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Commercial Metals Company (NYSE:CMC) Is Employing Capital Very Effectively

Simply Wall St

Today we'll look at Commercial Metals Company (NYSE:CMC) and reflect on its potential as an investment. To be precise, we'll consider its Return On Capital Employed (ROCE), as that will inform our view of the quality of the business.

Firstly, we'll go over how we calculate ROCE. Second, we'll look at its ROCE compared to similar companies. Finally, we'll look at how its current liabilities affect its ROCE.

Return On Capital Employed (ROCE): What is it?

ROCE measures the amount of pre-tax profits a company can generate from the capital employed in its business. Generally speaking a higher ROCE is better. Ultimately, it is a useful but imperfect metric. Renowned investment researcher Michael Mauboussin has suggested that a high ROCE can indicate that 'one dollar invested in the company generates value of more than one dollar'.

How Do You Calculate Return On Capital Employed?

Analysts use this formula to calculate return on capital employed:

Return on Capital Employed = Earnings Before Interest and Tax (EBIT) ÷ (Total Assets - Current Liabilities)

Or for Commercial Metals:

0.15 = US$486m ÷ (US$3.8b - US$602m) (Based on the trailing twelve months to November 2019.)

So, Commercial Metals has an ROCE of 15%.

See our latest analysis for Commercial Metals

Does Commercial Metals Have A Good ROCE?

ROCE is commonly used for comparing the performance of similar businesses. Commercial Metals's ROCE appears to be substantially greater than the 8.5% average in the Metals and Mining industry. We would consider this a positive, as it suggests it is using capital more effectively than other similar companies. Separate from Commercial Metals's performance relative to its industry, its ROCE in absolute terms looks satisfactory, and it may be worth researching in more depth.

We can see that, Commercial Metals currently has an ROCE of 15% compared to its ROCE 3 years ago, which was 6.5%. This makes us think the business might be improving. You can see in the image below how Commercial Metals's ROCE compares to its industry. Click to see more on past growth.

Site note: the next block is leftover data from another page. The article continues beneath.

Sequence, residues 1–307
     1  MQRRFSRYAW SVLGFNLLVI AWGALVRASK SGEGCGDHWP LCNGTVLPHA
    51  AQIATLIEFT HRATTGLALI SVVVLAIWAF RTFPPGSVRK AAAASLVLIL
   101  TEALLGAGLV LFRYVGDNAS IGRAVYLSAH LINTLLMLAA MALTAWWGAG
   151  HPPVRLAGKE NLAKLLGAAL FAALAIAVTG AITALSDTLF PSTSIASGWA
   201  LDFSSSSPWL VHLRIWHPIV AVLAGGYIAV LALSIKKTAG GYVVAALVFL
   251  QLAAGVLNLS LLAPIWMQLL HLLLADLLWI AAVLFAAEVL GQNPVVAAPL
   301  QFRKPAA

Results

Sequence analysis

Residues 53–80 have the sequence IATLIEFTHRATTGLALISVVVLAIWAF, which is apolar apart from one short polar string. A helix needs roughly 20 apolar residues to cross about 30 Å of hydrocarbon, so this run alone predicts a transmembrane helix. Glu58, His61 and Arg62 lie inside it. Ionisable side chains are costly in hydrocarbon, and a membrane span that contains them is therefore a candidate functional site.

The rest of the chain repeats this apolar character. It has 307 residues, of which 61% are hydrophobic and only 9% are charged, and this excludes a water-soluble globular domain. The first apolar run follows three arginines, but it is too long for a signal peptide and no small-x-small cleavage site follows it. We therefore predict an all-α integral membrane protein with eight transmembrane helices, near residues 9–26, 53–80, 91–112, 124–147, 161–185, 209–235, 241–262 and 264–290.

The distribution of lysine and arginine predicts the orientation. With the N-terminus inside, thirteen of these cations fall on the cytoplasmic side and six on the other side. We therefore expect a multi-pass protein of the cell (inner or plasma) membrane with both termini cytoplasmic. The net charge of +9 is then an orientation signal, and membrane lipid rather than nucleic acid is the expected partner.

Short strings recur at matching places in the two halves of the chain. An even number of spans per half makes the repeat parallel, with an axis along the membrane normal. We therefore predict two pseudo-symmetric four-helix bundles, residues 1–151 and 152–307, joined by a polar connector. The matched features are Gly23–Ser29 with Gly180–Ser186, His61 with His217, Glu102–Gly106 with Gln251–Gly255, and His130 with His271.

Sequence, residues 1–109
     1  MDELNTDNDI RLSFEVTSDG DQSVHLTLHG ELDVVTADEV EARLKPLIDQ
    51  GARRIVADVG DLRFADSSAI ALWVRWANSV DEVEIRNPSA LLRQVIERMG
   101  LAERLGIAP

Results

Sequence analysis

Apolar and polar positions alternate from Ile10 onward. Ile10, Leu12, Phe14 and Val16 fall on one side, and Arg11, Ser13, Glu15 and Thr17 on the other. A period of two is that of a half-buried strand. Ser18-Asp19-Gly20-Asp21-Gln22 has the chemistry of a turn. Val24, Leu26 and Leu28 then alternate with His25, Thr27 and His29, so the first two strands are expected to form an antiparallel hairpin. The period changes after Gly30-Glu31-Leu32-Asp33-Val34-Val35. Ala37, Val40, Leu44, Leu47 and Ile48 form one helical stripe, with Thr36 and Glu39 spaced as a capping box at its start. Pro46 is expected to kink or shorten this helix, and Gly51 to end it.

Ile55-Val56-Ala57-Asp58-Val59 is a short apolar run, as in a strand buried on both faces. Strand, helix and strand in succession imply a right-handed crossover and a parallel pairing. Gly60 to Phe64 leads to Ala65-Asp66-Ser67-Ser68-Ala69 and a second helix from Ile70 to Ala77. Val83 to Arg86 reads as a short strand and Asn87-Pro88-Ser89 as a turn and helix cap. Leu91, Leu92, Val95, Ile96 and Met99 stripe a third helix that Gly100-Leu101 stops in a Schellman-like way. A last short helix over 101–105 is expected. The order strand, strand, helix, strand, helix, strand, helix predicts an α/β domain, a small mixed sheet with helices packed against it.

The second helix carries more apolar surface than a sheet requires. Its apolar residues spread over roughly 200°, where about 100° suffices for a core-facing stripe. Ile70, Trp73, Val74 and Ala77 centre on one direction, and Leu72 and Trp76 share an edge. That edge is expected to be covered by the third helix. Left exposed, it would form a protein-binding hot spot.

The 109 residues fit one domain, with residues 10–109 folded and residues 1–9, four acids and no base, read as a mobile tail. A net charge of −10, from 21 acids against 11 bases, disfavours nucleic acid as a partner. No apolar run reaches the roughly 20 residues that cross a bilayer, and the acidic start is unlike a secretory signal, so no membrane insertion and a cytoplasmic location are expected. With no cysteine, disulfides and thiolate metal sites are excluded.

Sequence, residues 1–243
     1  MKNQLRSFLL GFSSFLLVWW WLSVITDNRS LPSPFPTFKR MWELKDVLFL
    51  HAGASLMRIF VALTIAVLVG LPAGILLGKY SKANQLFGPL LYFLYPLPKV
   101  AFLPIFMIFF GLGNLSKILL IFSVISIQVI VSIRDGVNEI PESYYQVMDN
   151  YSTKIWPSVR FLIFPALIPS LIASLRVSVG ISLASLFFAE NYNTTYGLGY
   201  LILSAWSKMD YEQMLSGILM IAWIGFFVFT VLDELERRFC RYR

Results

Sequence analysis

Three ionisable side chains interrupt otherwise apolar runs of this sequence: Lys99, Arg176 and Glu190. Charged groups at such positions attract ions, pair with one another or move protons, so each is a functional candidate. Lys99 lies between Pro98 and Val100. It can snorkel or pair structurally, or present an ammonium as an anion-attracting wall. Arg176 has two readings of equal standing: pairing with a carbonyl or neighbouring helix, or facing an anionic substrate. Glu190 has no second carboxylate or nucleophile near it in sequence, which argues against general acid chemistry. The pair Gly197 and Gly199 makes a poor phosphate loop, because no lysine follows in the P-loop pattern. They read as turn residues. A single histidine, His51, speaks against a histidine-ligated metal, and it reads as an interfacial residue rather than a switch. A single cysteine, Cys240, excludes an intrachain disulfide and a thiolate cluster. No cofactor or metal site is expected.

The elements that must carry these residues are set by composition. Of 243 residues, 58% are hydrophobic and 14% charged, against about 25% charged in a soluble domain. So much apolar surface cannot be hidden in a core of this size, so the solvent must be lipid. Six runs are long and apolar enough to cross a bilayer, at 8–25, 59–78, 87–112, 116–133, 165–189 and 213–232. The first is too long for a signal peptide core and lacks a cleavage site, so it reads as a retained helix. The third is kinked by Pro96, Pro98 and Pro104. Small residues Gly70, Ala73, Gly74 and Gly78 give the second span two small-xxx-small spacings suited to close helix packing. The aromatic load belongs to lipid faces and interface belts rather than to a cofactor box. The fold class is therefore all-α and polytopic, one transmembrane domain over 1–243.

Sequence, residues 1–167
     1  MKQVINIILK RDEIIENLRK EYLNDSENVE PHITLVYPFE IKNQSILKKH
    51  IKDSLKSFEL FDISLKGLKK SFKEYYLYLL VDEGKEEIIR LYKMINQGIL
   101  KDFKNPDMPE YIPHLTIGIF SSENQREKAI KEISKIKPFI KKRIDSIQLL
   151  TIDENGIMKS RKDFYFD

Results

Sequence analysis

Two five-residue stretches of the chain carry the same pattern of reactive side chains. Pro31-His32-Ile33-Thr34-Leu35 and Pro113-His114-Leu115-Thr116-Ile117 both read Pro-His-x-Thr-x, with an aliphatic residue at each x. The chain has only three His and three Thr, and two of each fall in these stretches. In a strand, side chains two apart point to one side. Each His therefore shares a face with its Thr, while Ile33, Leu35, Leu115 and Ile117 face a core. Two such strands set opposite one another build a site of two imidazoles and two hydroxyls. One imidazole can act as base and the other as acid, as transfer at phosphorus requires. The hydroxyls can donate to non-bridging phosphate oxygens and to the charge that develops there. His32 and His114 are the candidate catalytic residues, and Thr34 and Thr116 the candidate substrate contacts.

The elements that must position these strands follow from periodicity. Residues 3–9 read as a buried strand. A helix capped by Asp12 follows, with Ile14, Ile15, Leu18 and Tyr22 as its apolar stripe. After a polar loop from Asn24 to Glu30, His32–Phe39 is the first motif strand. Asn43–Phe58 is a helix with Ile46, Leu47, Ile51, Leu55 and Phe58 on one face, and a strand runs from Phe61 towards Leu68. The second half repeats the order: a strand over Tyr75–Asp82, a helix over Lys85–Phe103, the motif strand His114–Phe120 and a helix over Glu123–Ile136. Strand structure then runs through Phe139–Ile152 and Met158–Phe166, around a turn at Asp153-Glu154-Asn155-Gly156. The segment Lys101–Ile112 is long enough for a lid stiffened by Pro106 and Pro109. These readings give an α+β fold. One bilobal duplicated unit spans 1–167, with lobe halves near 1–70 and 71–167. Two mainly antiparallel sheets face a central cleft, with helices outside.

NYSE:CMC Past Revenue and Net Income, February 25th 2020

When considering ROCE, bear in mind that it reflects the past and does not necessarily predict the future. Companies in cyclical industries can be difficult to understand using ROCE, as returns typically look high during boom times, and low during busts. This is because ROCE only looks at one year, instead of considering returns across a whole cycle. Given the industry it operates in, Commercial Metals could be considered cyclical. Since the future is so important for investors, you should check out our free report on analyst forecasts for Commercial Metals.

Do Commercial Metals's Current Liabilities Skew Its ROCE?

Current liabilities are short term bills and invoices that need to be paid in 12 months or less. The ROCE equation subtracts current liabilities from capital employed, so a company with a lot of current liabilities appears to have less capital employed, and a higher ROCE than otherwise. To check the impact of this, we calculate if a company has high current liabilities relative to its total assets.

Commercial Metals has total assets of US$3.8b and current liabilities of US$602m. Therefore its current liabilities are equivalent to approximately 16% of its total assets. Low current liabilities are not boosting the ROCE too much.

Our Take On Commercial Metals's ROCE

This is good to see, and with a sound ROCE, Commercial Metals could be worth a closer look. Commercial Metals shapes up well under this analysis, but it is far from the only business delivering excellent numbers . You might also want to check this free collection of companies delivering excellent earnings growth.

For those who like to find winning investments this free list of growing companies with recent insider purchasing, could be just the ticket.

If you spot an error that warrants correction, please contact the editor at editorial-team@simplywallst.com. This article by Simply Wall St is general in nature. It does not constitute a recommendation to buy or sell any stock, and does not take account of your objectives, or your financial situation. Simply Wall St has no position in the stocks mentioned.

We aim to bring you long-term focused research analysis driven by fundamental data. Note that our analysis may not factor in the latest price-sensitive company announcements or qualitative material. Thank you for reading.